Hands-on: What's good and bad about Windows 8

The tablet UI seems to be forced unnaturally on the desktop experience, but on the whole, Windows 8 looks very promising

Since Microsoft's Build conference earlier this month, where Windows 8's debut was the grand spectacle, I've been quietly exploring the forthcoming OS deeply. Now that I've spent real time with it, I can give you a fuller analysis than what appeared in the first days of its announcement.

I can honestly say that any "final judgments" you've read about Windows 8 are worthless. The preview edition of Windows 8 isn't so much as half-baked, even down to small details such as the atrocious color scheme. It's obviously in preliminary stages, as you can see from the video below.

[ Read InfoWorld's coverage of Microsoft's Windows 8 grand reveal of its new UI and capabilities. | Take a visual tour of Windows 8's mobile-inspired Metro user interface. | Stay abreast of key Microsoft technologies in our Technology: Microsoft newsletter. ]

If you want to install Windows 8 preview yourself, download the files from Microsoft's developer site, then watch my Windows 8 how-to installation video.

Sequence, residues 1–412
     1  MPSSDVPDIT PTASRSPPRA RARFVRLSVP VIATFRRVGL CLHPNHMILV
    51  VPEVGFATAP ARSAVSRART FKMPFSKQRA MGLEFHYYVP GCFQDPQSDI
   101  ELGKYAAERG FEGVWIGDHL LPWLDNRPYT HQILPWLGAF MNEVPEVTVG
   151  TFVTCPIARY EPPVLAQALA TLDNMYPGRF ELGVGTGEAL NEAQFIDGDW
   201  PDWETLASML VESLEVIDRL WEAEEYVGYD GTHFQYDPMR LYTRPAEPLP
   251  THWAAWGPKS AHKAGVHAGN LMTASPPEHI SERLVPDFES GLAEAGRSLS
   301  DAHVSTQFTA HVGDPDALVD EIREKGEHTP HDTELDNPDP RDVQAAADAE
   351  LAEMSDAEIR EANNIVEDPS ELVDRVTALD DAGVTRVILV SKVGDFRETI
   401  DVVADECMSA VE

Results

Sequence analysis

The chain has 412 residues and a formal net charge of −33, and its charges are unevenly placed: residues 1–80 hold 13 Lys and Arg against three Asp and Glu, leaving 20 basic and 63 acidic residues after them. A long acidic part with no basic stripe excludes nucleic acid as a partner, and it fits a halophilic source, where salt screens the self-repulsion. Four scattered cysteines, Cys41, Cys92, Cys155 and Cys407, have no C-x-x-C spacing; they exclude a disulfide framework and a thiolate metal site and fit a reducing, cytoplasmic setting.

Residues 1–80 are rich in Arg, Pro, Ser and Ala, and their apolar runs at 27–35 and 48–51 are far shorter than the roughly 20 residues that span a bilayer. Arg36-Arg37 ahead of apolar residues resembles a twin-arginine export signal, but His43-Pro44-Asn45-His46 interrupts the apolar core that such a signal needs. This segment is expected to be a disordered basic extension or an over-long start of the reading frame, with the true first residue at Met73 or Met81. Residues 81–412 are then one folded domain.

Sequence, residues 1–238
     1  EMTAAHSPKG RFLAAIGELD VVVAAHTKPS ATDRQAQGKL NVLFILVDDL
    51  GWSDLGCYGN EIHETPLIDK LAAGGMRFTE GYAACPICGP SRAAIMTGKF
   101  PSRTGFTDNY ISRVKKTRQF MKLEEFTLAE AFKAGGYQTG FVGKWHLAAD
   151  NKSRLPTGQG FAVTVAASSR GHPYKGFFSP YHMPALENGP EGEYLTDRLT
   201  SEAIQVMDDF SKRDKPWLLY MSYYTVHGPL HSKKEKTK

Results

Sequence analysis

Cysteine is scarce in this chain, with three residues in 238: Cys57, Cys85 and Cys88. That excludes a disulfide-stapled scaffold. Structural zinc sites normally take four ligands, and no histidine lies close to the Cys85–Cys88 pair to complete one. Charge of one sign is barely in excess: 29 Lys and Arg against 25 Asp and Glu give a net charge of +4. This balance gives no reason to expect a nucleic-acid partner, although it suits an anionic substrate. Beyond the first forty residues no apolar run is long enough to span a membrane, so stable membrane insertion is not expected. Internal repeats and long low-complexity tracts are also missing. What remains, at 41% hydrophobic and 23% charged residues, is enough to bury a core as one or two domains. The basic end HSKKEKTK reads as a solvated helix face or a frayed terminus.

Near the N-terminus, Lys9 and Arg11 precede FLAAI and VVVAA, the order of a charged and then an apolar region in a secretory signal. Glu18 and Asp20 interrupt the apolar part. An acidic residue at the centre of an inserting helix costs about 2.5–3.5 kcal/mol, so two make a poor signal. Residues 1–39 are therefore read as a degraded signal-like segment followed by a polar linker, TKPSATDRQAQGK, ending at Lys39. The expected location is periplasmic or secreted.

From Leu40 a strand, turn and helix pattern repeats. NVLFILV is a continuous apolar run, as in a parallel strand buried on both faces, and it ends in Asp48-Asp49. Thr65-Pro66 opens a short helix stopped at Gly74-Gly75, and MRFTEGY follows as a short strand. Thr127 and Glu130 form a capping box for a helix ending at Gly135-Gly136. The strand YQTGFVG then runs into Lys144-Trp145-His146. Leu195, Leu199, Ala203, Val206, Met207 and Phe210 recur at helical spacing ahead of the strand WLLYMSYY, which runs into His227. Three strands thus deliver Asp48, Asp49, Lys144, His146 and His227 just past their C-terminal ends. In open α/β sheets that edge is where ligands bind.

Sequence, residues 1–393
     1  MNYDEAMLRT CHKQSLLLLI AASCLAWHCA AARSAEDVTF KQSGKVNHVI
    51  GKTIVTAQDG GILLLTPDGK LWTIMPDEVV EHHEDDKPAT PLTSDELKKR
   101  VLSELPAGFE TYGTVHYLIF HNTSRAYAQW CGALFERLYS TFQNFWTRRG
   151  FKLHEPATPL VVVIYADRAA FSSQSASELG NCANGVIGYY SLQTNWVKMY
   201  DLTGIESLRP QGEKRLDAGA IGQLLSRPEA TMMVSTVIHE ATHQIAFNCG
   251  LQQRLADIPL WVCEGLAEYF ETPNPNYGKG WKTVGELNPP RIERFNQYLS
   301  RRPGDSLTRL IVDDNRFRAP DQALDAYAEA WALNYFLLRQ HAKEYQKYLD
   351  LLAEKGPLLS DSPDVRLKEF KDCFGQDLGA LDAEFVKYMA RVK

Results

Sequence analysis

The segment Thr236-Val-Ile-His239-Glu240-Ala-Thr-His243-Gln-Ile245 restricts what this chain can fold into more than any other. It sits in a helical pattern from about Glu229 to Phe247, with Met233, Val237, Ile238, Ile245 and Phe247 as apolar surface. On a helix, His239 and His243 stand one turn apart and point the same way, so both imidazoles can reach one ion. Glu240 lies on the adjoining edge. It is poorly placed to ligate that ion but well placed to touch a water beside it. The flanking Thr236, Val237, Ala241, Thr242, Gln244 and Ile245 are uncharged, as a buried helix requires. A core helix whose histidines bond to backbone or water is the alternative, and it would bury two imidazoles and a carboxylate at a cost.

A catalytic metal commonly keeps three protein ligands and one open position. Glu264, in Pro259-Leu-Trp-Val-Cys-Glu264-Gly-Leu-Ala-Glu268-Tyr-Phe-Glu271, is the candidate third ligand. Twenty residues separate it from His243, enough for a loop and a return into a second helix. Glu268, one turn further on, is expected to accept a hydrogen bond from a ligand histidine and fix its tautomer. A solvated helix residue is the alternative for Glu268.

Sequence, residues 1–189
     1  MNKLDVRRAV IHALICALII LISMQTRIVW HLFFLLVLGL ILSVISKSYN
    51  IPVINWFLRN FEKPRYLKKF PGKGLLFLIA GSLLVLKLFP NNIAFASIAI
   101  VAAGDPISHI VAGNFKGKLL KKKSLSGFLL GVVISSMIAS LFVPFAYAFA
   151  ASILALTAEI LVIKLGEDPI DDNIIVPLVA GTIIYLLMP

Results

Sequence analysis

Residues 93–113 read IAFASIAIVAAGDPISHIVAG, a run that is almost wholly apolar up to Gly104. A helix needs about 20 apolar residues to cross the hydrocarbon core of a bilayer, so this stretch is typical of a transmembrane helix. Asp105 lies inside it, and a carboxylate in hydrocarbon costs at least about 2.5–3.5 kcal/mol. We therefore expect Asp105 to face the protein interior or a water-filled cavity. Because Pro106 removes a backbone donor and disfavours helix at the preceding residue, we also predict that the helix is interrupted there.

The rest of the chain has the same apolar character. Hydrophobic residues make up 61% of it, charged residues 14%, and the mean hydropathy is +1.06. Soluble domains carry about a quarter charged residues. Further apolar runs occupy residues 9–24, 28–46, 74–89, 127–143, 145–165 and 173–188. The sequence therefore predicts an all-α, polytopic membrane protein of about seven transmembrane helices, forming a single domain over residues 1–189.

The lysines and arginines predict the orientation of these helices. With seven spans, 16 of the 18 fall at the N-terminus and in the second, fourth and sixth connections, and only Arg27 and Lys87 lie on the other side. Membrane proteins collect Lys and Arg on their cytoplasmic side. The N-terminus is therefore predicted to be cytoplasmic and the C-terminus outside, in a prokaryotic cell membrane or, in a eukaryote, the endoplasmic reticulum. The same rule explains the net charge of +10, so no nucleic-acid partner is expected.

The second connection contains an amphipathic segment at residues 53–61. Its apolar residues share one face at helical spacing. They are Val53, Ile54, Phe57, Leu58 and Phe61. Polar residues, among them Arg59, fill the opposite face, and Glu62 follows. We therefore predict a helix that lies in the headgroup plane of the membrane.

What I like so far in Windows 8

I like Windows 8's ability to set up your PC with a local login or a Windows Live ID. This provides a more consistent user experience across devices and even between mobile and desktop apps. Your most commonly used Windows settings move with you through the Windows Live ID login, along with the settings and last-used state for your Metro-style apps. Credentials are retained for applications and websites that require login IDs, and they travel with you to any PC you log into. It's completely controllable, so you can determine which items you want to sync and which items you don't.

There is a fancy new Task Manager with much-improved display of CPU, memory, disk, and network utilization for applications and processes. But for the most part, I don't see other changes in the administrative tools or computer management tool set, including Event Viewer and Disk Management. There's an interesting change in the way Explorer works now because it has the ribbon UI with several ribbons that are fairly easy to work with. Also, after going missing since Windows XP, the up arrow icon has returned, restoring many users' preferred method of navigating their folder structure.

You can look forward to other fun details, including the new look of Internet Explorer (the preview has IE10 Developer Preview, which comes in both a standard Windows 7 look and the new Metro look). It also advances HTML5 support significantly, rating a score of 300 out of 450 in the HTML5Test.com test, compared to just 141 for IE9; by comparison, Google Chrome 14 scores 340, Mozilla Firefox 7 scores 313, and Apple Safari 5.1 scores 293. I didn't have a chance to test a feature called Refresh Your PC, but it promises to restore your system to factory settings -- perfect for when you plan on selling your PC. You can also configure refresh points and restore to those point-in-time snapshots of your PC.

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